3. […] holds various sizes of sewing machine needles, all sorts of buttons, snaps, bridal beads, trims, my jean-a-ma-jig, […]

  4. Thanks so much!

  5. I am still having trouble getting over the inside leg hump( Levi jeans) even with Jean a ma Jig.
    Any suggestions?

    • After you have folded and pinned the hem, lay the jeans on something sturdy and pound the seams thinner with a hammer. I like to think of it as very aggressive ironing 🙂

      • Thank you for your reply Pearl.I decided to overlock the edge and then I only had to turn back once.Still had to use the Jean-a-ma-jig for the inside seam and it worked like a dream.Enjoy your week!

      • This is too funny but I may try it while I wait for my Jean a Ma Jig to arrive in the mail.

  6. Jean-a-ma-jig is a great tool for anyone working with denim and heavy “duck” jeans, jackets and work clothing. I made my own version of this handy gadget but I have several thicknesses depending on the weight or thickness of the hem. I made them out of lexan…one is 1/8″ thick, one at 3/16″ thick and another at a full 1/4″ thick…they work great, I just wish I thought of it a hundred hems and a thousand needles ago!

  7. Oh, and by the way, I have also made these from masonite board. So what you like about men that sew but we do come up with some great ideas too!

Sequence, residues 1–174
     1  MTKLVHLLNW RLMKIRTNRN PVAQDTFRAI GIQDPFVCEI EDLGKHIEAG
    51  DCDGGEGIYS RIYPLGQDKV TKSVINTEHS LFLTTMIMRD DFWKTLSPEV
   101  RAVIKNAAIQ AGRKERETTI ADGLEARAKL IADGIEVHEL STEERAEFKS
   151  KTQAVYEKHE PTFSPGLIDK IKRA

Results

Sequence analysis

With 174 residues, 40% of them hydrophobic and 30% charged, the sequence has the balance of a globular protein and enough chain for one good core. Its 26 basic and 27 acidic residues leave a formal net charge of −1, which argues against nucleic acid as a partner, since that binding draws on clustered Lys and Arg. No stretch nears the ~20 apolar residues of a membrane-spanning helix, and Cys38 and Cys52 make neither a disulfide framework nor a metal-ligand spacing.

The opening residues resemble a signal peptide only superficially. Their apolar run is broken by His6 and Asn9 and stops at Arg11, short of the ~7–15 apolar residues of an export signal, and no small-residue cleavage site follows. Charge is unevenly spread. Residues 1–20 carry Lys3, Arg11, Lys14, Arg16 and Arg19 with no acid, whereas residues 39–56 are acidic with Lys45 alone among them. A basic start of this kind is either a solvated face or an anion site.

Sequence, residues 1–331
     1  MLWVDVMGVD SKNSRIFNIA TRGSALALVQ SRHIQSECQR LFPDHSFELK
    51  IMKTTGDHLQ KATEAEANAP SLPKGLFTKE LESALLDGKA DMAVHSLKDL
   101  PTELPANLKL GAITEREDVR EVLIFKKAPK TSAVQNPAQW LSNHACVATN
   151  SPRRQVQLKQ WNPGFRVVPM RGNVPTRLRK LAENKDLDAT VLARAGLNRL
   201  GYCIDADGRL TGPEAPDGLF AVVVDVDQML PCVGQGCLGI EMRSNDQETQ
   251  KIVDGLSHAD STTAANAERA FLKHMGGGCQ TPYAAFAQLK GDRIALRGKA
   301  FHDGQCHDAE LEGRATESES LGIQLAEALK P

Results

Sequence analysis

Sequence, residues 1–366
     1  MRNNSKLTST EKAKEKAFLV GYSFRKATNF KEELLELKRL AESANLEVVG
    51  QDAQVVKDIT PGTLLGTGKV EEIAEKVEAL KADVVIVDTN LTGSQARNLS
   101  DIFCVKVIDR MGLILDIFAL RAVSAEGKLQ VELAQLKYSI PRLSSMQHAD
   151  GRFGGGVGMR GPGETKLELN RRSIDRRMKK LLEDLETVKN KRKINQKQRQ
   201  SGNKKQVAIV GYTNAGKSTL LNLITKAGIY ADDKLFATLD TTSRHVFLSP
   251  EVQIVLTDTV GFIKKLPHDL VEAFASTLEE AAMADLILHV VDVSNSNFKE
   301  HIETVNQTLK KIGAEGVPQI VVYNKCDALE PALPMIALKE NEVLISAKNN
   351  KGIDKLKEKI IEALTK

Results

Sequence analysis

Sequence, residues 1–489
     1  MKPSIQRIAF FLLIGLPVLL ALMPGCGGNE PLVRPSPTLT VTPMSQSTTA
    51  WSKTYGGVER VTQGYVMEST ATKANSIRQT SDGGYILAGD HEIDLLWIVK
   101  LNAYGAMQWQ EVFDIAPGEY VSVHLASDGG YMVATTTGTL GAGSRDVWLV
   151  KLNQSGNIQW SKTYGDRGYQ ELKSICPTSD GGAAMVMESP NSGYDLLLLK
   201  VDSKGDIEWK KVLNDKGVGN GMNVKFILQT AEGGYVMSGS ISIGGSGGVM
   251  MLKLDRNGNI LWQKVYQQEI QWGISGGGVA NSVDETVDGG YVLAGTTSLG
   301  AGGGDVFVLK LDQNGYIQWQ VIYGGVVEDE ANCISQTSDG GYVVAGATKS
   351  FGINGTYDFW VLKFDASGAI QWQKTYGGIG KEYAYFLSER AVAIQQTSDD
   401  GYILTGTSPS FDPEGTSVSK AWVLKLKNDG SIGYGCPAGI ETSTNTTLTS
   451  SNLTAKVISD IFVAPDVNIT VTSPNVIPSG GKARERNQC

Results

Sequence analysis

8. I am trying to construct a jean purse using the front and back part of jeans. It is VERY thick at the top, where the waist is, so do you think that it will work for that ? I have one but only used it once for hemming.
    Thanks

  9. Will this work on a jeans purse where at the top of the purse I will be sewing through VERY thick pieces that are the waist?

  10. Thanks for explaining this. A similar device came with my sewing machine. It’s nice to know what to do with it after all these years!

  11. Thanks for all of your help with almost everything I ever needed! You are my first place to look when I am trying to do something new or just want a tip to make it easier! You are awesome for sharing. I can not tell you how many times you made my sewing easier…..Thank you again!

    • Wow, thank you so much, Larissa, for your sweet comments. I have enjoyed writing this blog hoping that it would be of help to many and my prayers have been answered! Thanks for letting me know.
      Linda

  12. I thank you for your great idea to put jean-a-ma-jig in the front of presser foot. I’ve been sewing for 35 years. I have used the jig Many times xxxxxxx. I never thought about using it in front. Learn something new Everyday! Thank you, sincerely Mrs. B

    • Thank you for your kind comment. I’m glad it helped. You might just have the record for using the jig the longest! I’m sure the company would be pleased to know you’re such a loyal fan!

  13. How do you get the stitch to look like a professional Jean stitch? I’m new to selling and would like to know. My stitch doesn’t look the same as the professional stitch. What am I doing wrong?